Those investing outside an Isa will often receive dividends from their investments. Although there is currently a £2,000 personal allowance once their dividend income exceeds this in a given tax year, they will start paying tax.
At present, basic rate taxpayers are taxed at 8.75 per cent whilst higher rate taxpayers are taxed at 33.75 per cent.
Any stocks and shares sold outside an Isa will also be subject to capital gains tax, although there is a personal allowance of £12,300 a year for this.
Capital gains tax can be charged on any profit made on an asset that has increased in value, when someone comes to sell it.
For stocks and shares they will be charged 10 per cent if they are a basic rate taxpayer and 20 per cent if they are a higher rate taxpayer.
It therefore can be very beneficial to use an Isa to avoid these costs, particular as investments are likely to snowball over time.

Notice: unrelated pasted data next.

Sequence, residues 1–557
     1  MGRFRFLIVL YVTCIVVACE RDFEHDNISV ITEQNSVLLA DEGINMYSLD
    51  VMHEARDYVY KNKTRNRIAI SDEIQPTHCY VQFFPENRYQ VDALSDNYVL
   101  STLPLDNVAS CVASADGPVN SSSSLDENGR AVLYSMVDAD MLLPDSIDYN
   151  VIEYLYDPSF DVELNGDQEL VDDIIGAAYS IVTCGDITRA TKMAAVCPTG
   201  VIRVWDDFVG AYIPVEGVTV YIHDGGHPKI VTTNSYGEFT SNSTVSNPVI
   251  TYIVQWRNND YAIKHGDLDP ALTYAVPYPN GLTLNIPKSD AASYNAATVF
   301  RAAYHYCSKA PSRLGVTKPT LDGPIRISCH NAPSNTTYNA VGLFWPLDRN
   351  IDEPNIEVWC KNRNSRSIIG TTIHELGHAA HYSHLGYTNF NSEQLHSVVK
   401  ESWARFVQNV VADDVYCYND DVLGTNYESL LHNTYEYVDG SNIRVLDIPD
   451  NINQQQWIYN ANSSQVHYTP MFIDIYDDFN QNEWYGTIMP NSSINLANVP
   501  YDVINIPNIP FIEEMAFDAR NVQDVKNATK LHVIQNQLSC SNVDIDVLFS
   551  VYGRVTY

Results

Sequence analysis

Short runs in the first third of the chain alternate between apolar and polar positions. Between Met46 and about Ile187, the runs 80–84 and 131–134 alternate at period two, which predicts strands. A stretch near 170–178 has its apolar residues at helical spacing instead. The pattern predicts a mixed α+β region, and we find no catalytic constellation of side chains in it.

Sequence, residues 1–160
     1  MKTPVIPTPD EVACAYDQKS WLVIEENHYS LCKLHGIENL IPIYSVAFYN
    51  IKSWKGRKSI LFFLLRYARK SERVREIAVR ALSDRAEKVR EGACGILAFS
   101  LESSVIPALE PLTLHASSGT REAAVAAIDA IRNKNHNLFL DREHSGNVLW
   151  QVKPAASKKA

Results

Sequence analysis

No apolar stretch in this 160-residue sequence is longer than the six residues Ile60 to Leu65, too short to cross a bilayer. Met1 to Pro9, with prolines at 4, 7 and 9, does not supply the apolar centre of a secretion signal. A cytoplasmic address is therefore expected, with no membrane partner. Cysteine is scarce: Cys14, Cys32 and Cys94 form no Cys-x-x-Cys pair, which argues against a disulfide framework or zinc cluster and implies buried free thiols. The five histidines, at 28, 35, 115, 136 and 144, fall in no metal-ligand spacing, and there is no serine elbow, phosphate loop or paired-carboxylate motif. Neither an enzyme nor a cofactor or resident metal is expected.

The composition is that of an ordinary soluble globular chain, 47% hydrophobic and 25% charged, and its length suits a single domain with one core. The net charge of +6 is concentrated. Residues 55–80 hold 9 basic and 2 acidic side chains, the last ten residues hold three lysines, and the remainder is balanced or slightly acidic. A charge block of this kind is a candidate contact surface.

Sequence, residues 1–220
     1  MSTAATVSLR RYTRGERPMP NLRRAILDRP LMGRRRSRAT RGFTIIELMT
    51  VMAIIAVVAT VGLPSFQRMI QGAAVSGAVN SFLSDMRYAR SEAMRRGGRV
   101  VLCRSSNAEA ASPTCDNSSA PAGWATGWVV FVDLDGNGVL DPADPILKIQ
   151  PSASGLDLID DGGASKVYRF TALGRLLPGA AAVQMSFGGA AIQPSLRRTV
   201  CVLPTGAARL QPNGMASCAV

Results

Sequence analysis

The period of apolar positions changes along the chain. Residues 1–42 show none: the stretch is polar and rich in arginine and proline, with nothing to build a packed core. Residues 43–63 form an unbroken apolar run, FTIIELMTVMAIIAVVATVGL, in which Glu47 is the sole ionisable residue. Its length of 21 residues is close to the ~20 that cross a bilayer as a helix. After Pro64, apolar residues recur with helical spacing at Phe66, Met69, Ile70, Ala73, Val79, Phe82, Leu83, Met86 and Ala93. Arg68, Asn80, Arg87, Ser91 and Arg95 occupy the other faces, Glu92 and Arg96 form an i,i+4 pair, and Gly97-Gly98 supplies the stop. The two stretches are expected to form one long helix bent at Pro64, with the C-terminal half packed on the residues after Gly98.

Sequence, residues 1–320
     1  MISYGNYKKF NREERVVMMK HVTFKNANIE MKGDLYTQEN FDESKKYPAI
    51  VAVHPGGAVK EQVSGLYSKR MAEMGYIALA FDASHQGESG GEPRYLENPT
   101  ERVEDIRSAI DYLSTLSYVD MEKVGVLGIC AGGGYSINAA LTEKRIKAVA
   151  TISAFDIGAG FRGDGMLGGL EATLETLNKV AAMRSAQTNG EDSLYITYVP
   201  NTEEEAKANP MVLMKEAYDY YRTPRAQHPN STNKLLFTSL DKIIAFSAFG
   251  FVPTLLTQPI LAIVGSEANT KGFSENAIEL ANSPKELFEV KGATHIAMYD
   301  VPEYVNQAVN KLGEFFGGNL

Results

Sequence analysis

Outside of an Isa, your investments may become liable to taxes on dividend and capital gains.
Newman says: ‘Investing money makes sense, especially if you will not need the money until your child is at secondary school, or even university.
‘Savings rates might have grown lately, but inflation has as well, meaning that the value of your money could be reduced significantly by the time it is needed.
‘Setting up a monthly direct debit is often the easiest way to ensure you save towards your targets.
‘Putting away even £50 a month into a stocks and shares Isa offers potentially greater growth where you have five years and longer to save.
‘If you’re thinking of helping your child with a house deposit, you have even longer since they may not buy until they are in their 30s.